The object of this book is to provide with a popular and a comprehensive edition of Sappho, containing all that is so far known of her unique personality and her incompatible poems
Little remains today of the writings of the archaic Greek poet Sappho (fl. late 7th and early 6th centuries B.C.E.), whose work is said to have filled nine papyrus rolls in the great library at Alexandria some 500 years after her death. The surviving texts consist of a lamentably small and fragmented body of lyric poetry--among them, poems of invocation, desire, spite, celebration, resignation, and remembrance--that nevertheless enables us to hear the living voice of the poet Plato called the tenth Muse. Sappho is rated as the supreme poetess and is regarded in the same vein as Shakespeare and Homer the supreme poets.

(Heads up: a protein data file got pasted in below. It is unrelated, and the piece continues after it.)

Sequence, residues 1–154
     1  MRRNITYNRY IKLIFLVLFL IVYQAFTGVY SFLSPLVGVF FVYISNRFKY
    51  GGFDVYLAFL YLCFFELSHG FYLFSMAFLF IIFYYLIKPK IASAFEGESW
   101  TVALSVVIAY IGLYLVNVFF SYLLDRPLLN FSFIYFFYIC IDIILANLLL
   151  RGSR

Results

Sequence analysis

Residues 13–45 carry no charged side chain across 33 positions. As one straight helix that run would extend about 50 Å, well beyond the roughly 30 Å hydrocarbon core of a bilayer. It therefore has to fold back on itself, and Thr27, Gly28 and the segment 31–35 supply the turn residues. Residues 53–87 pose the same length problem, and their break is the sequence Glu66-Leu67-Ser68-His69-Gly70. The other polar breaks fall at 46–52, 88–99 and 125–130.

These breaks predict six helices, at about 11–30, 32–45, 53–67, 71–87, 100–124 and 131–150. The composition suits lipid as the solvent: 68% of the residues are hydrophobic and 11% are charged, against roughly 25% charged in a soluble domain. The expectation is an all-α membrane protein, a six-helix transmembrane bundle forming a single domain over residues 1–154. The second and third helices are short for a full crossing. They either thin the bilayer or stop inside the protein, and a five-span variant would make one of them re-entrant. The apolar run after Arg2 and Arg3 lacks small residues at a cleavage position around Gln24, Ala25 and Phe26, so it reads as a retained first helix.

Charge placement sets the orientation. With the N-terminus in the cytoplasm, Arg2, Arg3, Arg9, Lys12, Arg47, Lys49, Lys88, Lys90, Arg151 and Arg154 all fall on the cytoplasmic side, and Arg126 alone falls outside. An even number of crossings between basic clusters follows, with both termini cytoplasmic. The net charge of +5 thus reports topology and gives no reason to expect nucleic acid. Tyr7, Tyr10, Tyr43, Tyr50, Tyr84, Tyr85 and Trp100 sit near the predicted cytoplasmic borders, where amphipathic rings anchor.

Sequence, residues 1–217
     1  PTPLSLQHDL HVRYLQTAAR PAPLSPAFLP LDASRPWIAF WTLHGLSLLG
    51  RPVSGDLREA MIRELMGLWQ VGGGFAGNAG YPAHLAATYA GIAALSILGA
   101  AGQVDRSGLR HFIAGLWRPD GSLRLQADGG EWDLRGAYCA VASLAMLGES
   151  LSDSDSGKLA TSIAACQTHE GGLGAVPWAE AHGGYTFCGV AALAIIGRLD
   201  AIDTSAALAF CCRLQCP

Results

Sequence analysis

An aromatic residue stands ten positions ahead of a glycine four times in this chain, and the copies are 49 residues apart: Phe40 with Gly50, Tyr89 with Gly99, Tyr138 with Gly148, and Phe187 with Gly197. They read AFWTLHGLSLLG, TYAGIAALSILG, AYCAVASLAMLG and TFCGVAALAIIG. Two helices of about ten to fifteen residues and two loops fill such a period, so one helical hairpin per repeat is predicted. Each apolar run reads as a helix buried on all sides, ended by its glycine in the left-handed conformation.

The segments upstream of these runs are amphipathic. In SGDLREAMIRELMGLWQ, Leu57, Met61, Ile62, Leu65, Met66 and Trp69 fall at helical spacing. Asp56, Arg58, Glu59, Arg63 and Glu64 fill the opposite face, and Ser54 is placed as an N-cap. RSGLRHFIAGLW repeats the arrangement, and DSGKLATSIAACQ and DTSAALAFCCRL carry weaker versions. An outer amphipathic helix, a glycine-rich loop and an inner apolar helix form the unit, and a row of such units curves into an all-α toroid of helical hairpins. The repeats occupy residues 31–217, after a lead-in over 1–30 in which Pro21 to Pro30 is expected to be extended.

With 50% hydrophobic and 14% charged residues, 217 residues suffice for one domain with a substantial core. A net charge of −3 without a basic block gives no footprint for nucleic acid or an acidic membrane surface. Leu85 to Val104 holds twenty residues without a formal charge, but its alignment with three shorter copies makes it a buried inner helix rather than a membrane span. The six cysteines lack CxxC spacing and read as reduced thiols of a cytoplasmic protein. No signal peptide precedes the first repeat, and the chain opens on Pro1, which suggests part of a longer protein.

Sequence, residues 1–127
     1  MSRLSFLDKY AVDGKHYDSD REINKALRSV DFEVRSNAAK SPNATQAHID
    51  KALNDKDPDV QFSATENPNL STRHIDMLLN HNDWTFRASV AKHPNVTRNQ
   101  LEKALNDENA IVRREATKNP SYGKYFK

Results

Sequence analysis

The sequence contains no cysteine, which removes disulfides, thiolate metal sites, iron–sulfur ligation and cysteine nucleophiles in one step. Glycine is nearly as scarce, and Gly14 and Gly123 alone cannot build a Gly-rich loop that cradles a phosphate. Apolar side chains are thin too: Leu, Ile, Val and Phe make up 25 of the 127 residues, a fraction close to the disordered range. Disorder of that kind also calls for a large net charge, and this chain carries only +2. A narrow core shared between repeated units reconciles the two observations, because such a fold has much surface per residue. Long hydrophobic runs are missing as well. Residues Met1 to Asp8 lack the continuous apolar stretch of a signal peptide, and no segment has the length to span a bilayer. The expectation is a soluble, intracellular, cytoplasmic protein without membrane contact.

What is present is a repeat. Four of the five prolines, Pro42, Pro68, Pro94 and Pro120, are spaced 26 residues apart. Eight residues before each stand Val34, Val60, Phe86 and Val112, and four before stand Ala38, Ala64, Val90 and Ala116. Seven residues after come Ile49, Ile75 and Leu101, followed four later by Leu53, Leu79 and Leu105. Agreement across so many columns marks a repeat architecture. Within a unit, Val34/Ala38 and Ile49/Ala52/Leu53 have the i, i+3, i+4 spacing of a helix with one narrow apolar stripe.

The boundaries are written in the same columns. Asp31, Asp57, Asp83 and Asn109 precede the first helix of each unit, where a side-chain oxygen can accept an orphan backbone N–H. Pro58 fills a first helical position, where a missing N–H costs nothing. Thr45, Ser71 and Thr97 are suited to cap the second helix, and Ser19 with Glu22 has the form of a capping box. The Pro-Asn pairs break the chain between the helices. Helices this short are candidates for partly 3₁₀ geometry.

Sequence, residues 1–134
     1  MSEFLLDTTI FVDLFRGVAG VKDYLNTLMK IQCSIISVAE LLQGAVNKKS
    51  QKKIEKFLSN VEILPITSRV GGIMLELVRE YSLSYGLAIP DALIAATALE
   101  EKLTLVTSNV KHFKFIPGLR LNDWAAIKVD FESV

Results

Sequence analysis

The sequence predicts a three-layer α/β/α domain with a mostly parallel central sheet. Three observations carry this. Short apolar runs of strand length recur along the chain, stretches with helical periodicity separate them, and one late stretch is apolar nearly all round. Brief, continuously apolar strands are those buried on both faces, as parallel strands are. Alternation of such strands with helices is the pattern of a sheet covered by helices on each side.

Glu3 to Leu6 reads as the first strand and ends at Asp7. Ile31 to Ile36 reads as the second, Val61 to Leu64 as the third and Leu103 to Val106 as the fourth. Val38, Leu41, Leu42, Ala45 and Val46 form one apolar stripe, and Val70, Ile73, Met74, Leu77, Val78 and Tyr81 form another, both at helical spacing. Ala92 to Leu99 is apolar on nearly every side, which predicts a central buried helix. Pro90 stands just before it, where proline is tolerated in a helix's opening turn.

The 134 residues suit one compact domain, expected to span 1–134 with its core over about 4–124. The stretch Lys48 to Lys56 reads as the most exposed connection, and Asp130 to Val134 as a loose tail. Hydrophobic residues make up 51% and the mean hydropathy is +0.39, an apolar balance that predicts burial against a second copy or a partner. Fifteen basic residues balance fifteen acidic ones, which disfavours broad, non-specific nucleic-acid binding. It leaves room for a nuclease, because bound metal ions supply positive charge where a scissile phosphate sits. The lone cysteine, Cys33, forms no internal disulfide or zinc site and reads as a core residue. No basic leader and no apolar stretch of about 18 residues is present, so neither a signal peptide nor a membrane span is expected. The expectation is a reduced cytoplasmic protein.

Sappho (c. 630 – c. 570 BC) was an archaic Greek poet from the island of Lesbos. Sappho wrote lyric poetry and is best known for her poems about love and women. Most of Sappho's poetry is now lost and survives only in fragmentary form. As well as lyric poetry, ancient commentators claimed that Sappho wrote elegiac and iambic poetry, and three epigrams attributed to Sappho survive. However, these are actually Hellenistic imitations of Sappho's style.